Windsor is charming and quaint in that New England-y way, but by no means is it sexy. It seems completely incongruous with the largesse of Salinger created by the public. But, driving down the main drag, I got it. I felt why Salinger would choose this place to remain for all those years. I can relate one hundred percent. I love living in the country. There are days I don’t come down off the mountain at all. But, when I do I have almost the same kind of pattern that Salinger did. I go to the post office box, I do the shopping, I gossip with the locals, but instead of ice cream, I enjoy a martini or ten over at the local watering hole before heading home.
This is the covered bridge between Cornish & Windsor. Remember to walk your horse!
After driving through Windsor I crossed the covered bridge into Cornish and drove right to Salinger’s house. How did I find it? I’m not really sure. I looked at some satellite pictures on the computer and I knew what road it was he lived off of. It’s a normal place with some great views but nothing to write home about. I could absolutely picture him there.
The town I live in now is about twenty miles from Cornish but I live less than a mile from where Salinger married Claire Alison Douglas in 1955. Although none of the locals here talk about him at all, I can absolutely feel his force and see why he chose to be married here. It’s a great place, quiet, picturesque and very easy to write in. It’s an escape to decide to live in a rural area, and I admit I’ve escaped. I miss New York, San Diego and even my hometown in Connecticut on occasion, but not enough to go back.
This is what I gleaned from my little trip down the Salinger road: JD Salinger was just a normal person living the small town experience, except for the fact that Salinger was brilliantly successful as a writer and I’m not, I could be him, anyone who chooses this lifestyle could be Salinger. I’m sure moving to and spending his life in Cornish was the cure for his well-documented emotional baggage packed up from the War, his childhood, love affairs etc. He wasn’t this curmudgeonly recluse who thought of himself as some kind of literary God. He was a guy who wanted to be left alone up until the point he didn’t want to be left alone. Salinger was sociable – his neighbors in Cornish referred to him as a “townie” who got involved in the community. Now, there are stories of his private proclivities, but I don’t care about that. We’re all weird in some way behind closed doors. That’s nobody’s business and I can relate to protecting it to the best of one’s abilities.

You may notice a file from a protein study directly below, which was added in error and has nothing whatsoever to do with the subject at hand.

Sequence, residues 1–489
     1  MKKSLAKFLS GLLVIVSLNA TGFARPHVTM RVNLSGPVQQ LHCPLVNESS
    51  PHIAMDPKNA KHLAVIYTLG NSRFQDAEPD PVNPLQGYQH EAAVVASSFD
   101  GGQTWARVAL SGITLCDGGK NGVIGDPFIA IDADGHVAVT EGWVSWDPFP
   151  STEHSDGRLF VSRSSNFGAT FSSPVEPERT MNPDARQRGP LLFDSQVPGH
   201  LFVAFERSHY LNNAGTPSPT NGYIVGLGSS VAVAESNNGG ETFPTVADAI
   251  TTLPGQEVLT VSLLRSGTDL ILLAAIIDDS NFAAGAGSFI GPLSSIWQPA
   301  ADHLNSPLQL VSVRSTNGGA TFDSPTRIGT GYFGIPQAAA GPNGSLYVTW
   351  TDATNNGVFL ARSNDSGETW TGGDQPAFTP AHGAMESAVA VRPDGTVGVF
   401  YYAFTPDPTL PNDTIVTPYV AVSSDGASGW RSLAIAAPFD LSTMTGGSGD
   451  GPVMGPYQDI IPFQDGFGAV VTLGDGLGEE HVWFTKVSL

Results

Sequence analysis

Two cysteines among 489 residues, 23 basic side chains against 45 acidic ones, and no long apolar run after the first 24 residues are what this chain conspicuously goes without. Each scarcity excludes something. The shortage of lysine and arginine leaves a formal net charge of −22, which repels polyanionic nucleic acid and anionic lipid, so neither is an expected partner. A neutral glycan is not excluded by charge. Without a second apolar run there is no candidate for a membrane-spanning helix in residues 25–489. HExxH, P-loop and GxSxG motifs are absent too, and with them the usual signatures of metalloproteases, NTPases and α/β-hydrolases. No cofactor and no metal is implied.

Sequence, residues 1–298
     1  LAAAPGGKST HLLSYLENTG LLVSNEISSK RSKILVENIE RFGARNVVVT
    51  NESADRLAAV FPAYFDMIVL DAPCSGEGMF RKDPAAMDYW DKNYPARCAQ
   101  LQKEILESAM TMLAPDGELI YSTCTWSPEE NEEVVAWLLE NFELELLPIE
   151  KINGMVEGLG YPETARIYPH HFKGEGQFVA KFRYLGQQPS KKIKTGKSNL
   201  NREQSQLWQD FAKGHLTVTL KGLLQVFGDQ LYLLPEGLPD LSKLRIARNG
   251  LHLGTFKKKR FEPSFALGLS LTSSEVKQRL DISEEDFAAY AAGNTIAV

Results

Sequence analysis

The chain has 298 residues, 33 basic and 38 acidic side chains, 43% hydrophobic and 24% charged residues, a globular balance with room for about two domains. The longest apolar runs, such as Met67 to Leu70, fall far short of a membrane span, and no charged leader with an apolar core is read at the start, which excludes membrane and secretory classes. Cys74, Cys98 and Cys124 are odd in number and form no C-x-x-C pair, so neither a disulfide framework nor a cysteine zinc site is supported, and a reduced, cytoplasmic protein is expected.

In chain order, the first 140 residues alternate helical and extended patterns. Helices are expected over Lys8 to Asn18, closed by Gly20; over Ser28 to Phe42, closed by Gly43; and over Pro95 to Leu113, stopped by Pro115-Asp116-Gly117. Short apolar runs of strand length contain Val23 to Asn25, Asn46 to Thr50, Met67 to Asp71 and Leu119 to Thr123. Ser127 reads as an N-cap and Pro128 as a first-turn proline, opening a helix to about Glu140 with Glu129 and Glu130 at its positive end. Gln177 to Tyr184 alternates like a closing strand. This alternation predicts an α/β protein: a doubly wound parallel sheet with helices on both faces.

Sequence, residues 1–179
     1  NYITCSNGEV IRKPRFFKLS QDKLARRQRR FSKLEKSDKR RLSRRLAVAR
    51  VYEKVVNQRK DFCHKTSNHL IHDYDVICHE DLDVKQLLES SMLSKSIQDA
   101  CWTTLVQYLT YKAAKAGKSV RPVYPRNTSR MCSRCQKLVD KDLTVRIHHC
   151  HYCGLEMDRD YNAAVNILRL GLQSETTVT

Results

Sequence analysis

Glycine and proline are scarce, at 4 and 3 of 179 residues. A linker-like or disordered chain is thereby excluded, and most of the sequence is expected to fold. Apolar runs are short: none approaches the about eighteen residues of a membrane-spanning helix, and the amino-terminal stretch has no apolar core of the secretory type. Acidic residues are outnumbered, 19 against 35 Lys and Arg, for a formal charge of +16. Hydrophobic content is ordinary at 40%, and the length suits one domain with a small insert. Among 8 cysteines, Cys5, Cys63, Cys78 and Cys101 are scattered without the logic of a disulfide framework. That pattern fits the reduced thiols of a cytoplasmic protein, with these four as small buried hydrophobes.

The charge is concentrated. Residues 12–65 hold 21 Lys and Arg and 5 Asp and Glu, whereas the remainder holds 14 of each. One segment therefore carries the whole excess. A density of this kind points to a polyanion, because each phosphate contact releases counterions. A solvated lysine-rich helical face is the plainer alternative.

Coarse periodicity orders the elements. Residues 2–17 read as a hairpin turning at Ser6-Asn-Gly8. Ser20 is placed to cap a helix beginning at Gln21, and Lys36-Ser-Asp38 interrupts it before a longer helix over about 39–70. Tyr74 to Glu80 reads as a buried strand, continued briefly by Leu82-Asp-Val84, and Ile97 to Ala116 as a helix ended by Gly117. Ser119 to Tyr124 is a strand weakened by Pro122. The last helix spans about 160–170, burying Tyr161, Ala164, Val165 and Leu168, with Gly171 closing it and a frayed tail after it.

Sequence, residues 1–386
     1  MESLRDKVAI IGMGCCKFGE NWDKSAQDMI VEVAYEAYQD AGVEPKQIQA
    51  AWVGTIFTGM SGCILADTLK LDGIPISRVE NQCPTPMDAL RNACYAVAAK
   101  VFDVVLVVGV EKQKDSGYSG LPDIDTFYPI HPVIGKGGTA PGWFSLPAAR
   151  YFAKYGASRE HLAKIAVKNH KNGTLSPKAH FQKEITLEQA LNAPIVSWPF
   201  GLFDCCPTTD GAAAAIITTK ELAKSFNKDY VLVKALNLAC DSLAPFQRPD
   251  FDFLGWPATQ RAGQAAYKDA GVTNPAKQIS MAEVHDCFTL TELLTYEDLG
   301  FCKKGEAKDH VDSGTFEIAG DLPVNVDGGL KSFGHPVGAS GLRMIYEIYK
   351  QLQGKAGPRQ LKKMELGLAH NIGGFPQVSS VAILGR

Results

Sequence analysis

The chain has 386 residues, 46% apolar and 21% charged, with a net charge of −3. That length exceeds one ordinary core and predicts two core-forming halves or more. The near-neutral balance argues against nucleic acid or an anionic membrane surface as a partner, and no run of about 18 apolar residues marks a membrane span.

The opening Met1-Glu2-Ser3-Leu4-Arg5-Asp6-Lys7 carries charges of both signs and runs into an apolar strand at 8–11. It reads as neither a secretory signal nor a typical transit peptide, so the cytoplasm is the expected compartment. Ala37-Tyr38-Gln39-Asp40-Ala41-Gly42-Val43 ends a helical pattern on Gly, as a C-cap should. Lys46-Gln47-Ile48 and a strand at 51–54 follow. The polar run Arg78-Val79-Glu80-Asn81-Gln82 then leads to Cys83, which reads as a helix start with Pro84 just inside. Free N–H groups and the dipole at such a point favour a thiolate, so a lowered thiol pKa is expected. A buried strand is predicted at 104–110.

It’s not a very exciting picture compared to the legend created by the press and the public who have been steadfast in preserving the mystery and perhaps his life is better left shadowed in intrigue; we do tend to like our idols quirky and over the top. But, for me, it’s comforting to know that Salinger was just a private small town guy from a huge background and was actually personable and likeable. So, you wanna know his address and see pictures of his house? Nah, I’ve given up too many secrets already.